Origin Effects and Revival Electric, two brands in the guitar industry, are currently embroiled in a fierce confrontation about trademarks and have taken to social media to put out their respective sides of this story. So what’s the spat all about?
Two companies on either side of the Atlantic are currently engaged in a battle – using both the American legal system and social media – over who has the right to use a trademark in the US. Both sides have vocal about why they should be allowed to use the trademarked name. And as spats in the guitar industry go, this one’s getting a lot of attention. We’ve put together a summary of where we stand, so it’s time grab some popcorn. Here we go!
Here’s the story according to Revival Electric, an audio electronics firm based in San Francisco run by Travis Harris. Revival says that roughly 18 months ago, Origin Effects “blindsided” it with legal action after Origin’s RevivalDrive pedal was denied a trademark in the US because Revival Electric held the trademark to the Revival name. According to Harris, Origin Effects could have just reached out or changed the name of the product to avoid any confusion. Instead, he says, the firm decided to go after Revival Electric by filing “false allegations” and making “malicious and aggressive claims” in an attempt to get the trademark office to remove the existing trademark for Revival Electric, opening the way for Origin to trademark the RevivalDrive name in the US.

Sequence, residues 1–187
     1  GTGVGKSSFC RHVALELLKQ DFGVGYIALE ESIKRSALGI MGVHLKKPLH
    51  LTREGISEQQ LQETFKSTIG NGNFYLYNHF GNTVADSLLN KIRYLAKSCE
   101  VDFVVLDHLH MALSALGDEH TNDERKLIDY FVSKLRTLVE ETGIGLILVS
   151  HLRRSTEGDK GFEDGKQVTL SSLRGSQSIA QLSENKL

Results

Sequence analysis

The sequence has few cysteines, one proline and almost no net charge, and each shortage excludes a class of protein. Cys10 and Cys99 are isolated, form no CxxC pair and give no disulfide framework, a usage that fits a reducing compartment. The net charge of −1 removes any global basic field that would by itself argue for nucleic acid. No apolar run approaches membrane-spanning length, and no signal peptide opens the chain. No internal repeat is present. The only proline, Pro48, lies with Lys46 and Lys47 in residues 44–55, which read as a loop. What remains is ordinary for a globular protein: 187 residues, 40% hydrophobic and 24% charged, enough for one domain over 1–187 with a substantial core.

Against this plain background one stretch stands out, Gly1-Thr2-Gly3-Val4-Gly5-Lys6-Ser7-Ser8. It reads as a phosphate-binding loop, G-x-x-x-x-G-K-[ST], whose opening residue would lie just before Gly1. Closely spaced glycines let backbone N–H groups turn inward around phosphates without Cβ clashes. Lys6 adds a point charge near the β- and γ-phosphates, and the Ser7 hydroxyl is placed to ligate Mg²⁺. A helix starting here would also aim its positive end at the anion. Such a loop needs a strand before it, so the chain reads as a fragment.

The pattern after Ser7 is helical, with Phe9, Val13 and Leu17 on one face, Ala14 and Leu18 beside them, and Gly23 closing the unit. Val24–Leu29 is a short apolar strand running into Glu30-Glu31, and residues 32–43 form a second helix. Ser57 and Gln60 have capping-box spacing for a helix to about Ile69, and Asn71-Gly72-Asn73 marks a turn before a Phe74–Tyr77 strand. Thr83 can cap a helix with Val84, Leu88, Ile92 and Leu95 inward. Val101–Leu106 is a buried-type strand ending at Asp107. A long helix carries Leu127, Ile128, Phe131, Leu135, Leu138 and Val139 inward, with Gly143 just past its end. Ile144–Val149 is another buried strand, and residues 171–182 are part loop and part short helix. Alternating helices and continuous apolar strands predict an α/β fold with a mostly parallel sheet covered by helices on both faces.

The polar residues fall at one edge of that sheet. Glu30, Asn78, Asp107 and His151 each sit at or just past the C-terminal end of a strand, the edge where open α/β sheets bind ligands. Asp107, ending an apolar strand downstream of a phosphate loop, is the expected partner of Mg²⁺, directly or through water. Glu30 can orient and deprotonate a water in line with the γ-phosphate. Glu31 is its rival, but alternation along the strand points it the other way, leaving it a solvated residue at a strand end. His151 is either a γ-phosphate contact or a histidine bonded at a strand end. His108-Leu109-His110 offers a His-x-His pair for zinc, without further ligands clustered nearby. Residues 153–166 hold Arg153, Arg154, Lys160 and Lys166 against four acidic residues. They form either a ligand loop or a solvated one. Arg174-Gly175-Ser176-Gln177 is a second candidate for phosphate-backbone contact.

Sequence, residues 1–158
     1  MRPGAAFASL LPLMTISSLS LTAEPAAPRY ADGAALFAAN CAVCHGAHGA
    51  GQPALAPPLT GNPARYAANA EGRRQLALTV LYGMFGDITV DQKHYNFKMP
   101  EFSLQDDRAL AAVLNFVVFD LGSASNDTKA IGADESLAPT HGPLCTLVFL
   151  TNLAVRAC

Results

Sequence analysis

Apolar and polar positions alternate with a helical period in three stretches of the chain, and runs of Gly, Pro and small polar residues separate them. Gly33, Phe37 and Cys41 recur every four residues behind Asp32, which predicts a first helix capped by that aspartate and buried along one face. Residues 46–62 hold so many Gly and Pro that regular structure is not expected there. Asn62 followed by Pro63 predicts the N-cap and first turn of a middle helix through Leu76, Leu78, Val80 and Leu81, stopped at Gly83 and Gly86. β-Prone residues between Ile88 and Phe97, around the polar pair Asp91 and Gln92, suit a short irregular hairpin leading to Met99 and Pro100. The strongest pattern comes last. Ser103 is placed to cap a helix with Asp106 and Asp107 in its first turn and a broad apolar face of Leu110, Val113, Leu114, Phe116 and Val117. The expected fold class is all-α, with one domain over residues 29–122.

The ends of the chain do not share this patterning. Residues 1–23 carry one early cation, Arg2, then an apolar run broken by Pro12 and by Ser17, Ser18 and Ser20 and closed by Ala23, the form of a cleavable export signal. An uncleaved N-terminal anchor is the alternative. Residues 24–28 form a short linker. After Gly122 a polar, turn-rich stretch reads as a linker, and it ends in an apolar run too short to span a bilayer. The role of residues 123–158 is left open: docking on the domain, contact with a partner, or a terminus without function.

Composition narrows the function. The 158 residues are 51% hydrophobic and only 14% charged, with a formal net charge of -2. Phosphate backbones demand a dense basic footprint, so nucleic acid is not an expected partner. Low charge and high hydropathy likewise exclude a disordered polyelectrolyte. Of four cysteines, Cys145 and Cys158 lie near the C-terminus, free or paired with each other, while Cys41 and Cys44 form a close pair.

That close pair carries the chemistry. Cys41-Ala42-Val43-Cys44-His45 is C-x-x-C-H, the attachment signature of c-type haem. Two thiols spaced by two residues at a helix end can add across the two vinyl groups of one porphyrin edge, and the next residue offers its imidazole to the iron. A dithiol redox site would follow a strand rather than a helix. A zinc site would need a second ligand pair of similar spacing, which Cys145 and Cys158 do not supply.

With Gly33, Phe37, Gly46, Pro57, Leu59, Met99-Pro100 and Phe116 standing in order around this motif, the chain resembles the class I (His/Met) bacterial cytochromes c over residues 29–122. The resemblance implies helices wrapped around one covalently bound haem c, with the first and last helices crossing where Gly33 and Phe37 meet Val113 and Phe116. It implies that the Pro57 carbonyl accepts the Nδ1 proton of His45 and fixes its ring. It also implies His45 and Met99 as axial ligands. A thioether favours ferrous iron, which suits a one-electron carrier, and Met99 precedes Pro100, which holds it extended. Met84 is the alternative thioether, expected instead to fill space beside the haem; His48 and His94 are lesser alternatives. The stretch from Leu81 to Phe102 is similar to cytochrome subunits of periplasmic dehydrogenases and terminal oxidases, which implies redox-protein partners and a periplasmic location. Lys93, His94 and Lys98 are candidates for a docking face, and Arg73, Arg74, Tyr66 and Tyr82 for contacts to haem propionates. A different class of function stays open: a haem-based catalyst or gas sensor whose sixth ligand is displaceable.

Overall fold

Revival says Origin Effects is illegally using the Revival name, infringing on Revival Electric’s trademark it says it’s held for over 12 years.
Origin Effects viewpoint
Not so, says Origin Effects. The UK-based company says that after receiving no response to its approaches to Revival, it received demands for royalty payments, an attempt, it says, to “unscrupulously profit” from the Revival trademark. It also says its legal actions are confined to the trademark system, and that it’s not targeting Revival Electric directly with legal action.
Our repeated efforts to make contact with Revival Electric yielded no response. Given that Revival Electric’s website appeared to be dormant, we felt it was reasonable to continue with efforts to register the name. Only by starting a formal process were we able to make contact with Revival Electric, at which point we attempted to negotiate a settlement, including an offer to rebrand our products. Unfortunately, things escalated beyond our control when Revival Electric demanded royalty fees for all sales of Revival products that we are unable to meet.
RevivalDrive: Who should be allowed to use it?
Legal disputes in the guitar industry often focus on things like body or headstock shapes, like the disagreements between Gibson and Heritage, or Gibson and Collings Guitars. In any case, it looks like the only real winner here will be the lawyers. What do you think? Who’s right, who’s wrong?